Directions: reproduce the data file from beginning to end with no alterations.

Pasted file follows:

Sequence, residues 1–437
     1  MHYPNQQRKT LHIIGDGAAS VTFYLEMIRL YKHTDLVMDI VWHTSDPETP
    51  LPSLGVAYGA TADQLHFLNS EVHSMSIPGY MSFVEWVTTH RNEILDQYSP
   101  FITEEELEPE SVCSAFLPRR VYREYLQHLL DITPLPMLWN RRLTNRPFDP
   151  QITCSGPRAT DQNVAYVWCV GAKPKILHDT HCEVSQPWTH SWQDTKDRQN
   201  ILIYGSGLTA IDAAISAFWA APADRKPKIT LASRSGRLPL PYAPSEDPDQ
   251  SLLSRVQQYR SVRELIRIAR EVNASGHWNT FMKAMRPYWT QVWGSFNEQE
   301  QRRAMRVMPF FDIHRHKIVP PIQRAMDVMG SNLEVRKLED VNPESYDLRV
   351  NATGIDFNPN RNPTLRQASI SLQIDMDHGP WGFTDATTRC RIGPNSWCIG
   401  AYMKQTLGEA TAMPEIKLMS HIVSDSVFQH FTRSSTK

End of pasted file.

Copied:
Sequence, residues 1–437
     1  MHYPNQQRKT LHIIGDGAAS VTFYLEMIRL YKHTDLVMDI VWHTSDPETP
    51  LPSLGVAYGA TADQLHFLNS EVHSMSIPGY MSFVEWVTTH RNEILDQYSP
   101  FITEEELEPE SVCSAFLPRR VYREYLQHLL DITPLPMLWN RRLTNRPFDP
   151  QITCSGPRAT DQNVAYVWCV GAKPKILHDT HCEVSQPWTH SWQDTKDRQN
   201  ILIYGSGLTA IDAAISAFWA APADRKPKIT LASRSGRLPL PYAPSEDPDQ
   251  SLLSRVQQYR SVRELIRIAR EVNASGHWNT FMKAMRPYWT QVWGSFNEQE
   301  QRRAMRVMPF FDIHRHKIVP PIQRAMDVMG SNLEVRKLED VNPESYDLRV
   351  NATGIDFNPN RNPTLRQASI SLQIDMDHGP WGFTDATTRC RIGPNSWCIG
   401  AYMKQTLGEA TAMPEIKLMS HIVSDSVFQH FTRSSTK